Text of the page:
Give Employers What They Want: Prioritizing Your Search

 

For many job seekers, the hardest part about finding the perfect fit isn’t having enough experience or great recommendations. It’s standing out in a sea of fellow job hunters who claim they are just as good as the next guy. 

 

So, how can you beat out the competition? One way is to provide employers with everything they are looking for without them asking for it first. Sounds like something people should already be doing though, right? However, many job seekers simply wait around for a phone call from a prospective employer before providing hard work evidence and experience.

 

It’s important to proactively prioritise your search before an employer even sees your resume. Here’s how:

 

Complete and maintain your online platforms. Although your work experience may be offline, your “background check” may happen through a simple Google search. With 90 per cent of search-firm recruiters using Google to get a more accurate picture of candidates, it’s more important than ever to keep a check on your online identity. 

 

Start by completing your LinkedIn profile with additional information that complements your resume, yet stands on its own. Be sure to secure strict privacy settings on Facebook and tweet a few times a day. Your platforms should also have the same flow, such as a similar colour scheme or profile picture, in order to build a concrete brand.

 

Lastly, don’t forget to maintain these platforms with up-to-date information. There’s nothing worse than clicking a dead link or leading someone to a site that hasn’t been touched in months. Make it a priority to check in with your online profiles consistently so a hiring manger or recruiter can see your latest updates. Further, an easy way to piece all your platforms together is to sign up for Vizibility, the first SearchMe Button for Google, to prevent mistaken online identity and to bring your best search results to the forefront.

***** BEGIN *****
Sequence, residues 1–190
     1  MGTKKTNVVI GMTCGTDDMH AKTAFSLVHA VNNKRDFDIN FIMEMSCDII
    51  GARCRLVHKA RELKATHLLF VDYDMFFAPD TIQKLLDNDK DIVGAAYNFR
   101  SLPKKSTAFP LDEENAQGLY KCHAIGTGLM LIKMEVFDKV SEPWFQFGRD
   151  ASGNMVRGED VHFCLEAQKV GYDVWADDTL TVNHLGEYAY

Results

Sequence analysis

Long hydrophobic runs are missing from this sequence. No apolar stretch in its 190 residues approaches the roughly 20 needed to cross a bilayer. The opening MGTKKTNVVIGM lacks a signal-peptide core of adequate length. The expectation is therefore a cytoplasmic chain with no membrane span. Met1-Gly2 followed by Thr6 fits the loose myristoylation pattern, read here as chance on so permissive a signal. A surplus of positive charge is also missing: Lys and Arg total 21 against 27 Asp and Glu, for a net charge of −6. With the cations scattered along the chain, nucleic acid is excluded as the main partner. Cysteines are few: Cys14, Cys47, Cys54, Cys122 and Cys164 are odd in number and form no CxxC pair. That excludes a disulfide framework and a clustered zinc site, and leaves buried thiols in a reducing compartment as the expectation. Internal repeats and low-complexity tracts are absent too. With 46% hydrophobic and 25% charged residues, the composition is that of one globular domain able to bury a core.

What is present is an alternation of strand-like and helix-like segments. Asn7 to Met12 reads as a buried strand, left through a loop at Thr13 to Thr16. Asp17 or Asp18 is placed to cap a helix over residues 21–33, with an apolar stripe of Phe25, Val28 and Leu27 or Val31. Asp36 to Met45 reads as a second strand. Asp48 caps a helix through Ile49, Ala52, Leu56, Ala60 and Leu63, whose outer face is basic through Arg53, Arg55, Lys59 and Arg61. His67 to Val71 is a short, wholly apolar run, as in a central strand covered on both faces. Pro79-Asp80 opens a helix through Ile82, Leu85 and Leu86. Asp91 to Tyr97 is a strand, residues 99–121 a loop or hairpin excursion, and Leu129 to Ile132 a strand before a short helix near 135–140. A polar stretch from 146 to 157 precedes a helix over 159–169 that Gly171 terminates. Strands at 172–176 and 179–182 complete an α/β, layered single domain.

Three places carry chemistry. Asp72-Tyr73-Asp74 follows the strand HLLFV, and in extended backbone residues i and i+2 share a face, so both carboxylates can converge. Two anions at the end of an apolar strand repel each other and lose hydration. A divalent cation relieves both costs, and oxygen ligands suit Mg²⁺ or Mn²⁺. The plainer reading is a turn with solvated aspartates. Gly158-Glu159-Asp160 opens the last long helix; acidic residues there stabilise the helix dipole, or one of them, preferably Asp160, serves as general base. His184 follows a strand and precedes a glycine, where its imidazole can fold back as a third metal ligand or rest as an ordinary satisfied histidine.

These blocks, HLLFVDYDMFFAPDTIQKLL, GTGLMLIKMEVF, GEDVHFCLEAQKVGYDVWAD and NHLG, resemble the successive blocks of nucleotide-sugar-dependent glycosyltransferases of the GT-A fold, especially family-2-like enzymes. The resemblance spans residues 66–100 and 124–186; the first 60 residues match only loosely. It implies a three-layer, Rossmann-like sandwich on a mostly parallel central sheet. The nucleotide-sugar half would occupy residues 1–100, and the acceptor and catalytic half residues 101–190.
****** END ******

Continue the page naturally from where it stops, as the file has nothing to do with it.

Provide work samples. How can you impress a hiring manger who has heard the same claims and seen the same resume templates about a million times? Give them something they are looking for before they ask for it, like a portfolio. 

 

Provide every sort of work sample they could possibly ask for to make sure you stand out, like writing samples, project proposals, design work, etc. These portfolio items could be hosted on your LinkedIn account, or you could go one step further and make your own website. With each portfolio piece, give some sort of back-story or tell the reader how your work benefitted an organisation. 

 

Additionally, ask your manager or boss at the time to give a short testimonial under the respective work sample. This gives your work an extra boost. Remember, it’s all about your accomplishments, and your portfolio can really relay this information if done correctly. 

 

Give them every reason to hire you. When asked how to make it in show business, actor Steve Martin says, “Be so good, they can’t ignore you. People are going to come to you. It’s much easier doing it that way than going to cocktail parties.” 

 

Martin is right, it is much easier making it as an actor this way. However, you can easily translate this theory into your job search. People are going to want to hire the best, or at least those that are perceived this way. Examples include: 

 

  •  Giving concrete examples in your cover letter as to why you would be an asset to a team. 
  •  Asking for testimonials on your LinkedIn page from powerful contacts. 
  •  Networking with members of the organisation on Twitter to get your name out there. 
  • Providing quality content in the form of blogs to actually show you know what you’re talking about. 
  • Maintaining your personal brand and building your content on the path to thought leadership.

The trick here is to provide an employer with so much information about you, they can’t deny the talent you have, achieving the goal of standing out from your competition. 

How else can you prioritise your job search?

 

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